I think this is a significant development in the future of California, both political and otherwise. According to this report (PDF) from the California Budget Project, job growth in the inland counties of the state grew nearly FIVE TIMES LARGER than job growth in the coastal counties between 1990 and 2005. In fact, they’ve contributed to more than half of the total job growth in the state, despite having only 1/5 of the jobs currently. What used to be bedroom communities in the Inland Empire of SoCal, for example, are now very much self-sustaining and thriving, particularly in the western edges of San Bernardino and Riverside counties.
If this trend continues, it could either be very ominous or a great opportunity, depending on your outlook. On the one hand, it tracks with a pattern of population shift from areas that are reliably Democratic into areas that are reliably Republican. On the other hand, it represents a demographic shift in those “red” areas, and could lead to opportunities to build a Democratic resurgence inland, as possibly evidenced by Jerry McNerney’s victory in CA-11.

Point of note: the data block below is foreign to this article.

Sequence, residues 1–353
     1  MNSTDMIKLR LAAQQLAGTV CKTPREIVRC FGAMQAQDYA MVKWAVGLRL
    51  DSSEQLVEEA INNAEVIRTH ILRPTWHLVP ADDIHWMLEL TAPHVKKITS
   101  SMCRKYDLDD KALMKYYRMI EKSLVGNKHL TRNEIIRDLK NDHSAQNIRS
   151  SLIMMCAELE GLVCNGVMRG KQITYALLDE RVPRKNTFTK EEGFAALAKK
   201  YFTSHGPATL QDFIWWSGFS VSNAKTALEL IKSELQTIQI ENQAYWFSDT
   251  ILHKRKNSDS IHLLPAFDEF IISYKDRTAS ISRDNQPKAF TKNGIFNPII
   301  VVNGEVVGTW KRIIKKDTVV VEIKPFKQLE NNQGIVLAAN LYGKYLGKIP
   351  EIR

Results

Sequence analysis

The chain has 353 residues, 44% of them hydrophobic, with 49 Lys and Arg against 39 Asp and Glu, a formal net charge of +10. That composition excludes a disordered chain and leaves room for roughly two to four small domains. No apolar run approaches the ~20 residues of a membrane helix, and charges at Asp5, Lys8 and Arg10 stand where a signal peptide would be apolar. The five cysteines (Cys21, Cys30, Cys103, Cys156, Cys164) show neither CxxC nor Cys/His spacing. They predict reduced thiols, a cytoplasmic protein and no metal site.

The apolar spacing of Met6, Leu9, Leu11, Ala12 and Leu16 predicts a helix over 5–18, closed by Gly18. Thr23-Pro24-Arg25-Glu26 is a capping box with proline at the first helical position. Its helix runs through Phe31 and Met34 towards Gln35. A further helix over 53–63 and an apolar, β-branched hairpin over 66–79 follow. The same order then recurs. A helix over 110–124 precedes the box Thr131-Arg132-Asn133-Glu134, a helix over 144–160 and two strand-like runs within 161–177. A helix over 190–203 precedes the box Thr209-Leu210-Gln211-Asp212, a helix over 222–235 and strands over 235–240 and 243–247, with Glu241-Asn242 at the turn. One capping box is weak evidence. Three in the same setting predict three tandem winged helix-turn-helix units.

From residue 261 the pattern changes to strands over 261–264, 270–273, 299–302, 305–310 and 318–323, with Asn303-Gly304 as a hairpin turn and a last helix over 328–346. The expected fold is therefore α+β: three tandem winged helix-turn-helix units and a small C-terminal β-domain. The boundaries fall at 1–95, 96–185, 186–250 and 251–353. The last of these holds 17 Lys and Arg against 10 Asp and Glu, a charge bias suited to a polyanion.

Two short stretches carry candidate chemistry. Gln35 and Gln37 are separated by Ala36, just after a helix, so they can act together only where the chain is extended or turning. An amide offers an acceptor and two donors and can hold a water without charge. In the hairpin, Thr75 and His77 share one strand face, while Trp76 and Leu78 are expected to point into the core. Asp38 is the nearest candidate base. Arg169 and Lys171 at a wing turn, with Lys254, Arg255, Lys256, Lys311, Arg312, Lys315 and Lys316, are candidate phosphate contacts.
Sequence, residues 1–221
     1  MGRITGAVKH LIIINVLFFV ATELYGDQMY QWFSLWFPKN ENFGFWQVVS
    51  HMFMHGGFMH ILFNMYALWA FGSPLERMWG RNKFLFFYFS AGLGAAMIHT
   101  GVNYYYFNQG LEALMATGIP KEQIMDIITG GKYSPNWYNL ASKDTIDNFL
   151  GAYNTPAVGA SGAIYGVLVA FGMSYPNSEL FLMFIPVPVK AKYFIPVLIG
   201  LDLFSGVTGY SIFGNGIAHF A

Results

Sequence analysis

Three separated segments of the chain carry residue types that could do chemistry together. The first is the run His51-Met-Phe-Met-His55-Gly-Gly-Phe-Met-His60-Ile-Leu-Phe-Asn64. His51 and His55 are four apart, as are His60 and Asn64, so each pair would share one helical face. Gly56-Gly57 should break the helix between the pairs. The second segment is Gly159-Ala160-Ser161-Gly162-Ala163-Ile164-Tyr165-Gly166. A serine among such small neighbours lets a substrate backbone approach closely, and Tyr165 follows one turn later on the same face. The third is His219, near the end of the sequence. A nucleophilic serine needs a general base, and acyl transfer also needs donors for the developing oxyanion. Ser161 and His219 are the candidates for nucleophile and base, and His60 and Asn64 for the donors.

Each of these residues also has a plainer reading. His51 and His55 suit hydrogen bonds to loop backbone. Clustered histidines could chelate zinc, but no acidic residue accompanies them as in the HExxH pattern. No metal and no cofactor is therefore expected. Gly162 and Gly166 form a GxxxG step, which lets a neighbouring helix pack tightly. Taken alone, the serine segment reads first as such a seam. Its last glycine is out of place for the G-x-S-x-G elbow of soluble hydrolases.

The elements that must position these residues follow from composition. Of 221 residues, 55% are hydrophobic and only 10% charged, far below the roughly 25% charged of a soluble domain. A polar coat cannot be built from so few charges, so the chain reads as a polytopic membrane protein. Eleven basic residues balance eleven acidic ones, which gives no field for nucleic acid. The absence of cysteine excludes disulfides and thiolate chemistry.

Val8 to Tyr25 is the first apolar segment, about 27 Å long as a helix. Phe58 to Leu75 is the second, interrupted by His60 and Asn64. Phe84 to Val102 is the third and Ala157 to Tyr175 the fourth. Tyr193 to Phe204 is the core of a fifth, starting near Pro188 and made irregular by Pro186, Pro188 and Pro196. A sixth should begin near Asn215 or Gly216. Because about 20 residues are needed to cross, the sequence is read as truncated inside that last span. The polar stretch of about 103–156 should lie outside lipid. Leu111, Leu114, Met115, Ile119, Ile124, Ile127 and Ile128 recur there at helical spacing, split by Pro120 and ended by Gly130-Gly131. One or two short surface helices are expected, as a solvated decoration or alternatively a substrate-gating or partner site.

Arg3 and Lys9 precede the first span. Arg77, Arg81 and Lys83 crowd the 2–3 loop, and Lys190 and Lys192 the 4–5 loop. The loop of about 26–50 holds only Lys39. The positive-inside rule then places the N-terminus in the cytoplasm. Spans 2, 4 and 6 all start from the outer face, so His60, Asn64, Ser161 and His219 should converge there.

Whatever the case, it’s something that progressives must deal with. The power bases in LA and SF are only going to retain their power for so long. Places like Ontario and Auburn are goin to have more and more importance, and it’s time RIGHT NOW to ensure that there’s some Democratic infrastructure in place to identify and engage people in those areas who share progressive views. Take Back Red California is an organization of Democratic activists trying to do just that, but more attention must be paid. This is a generational shift, and it will only grow and grow.
I hope to see more of our friends from the inland counties here in the coming months.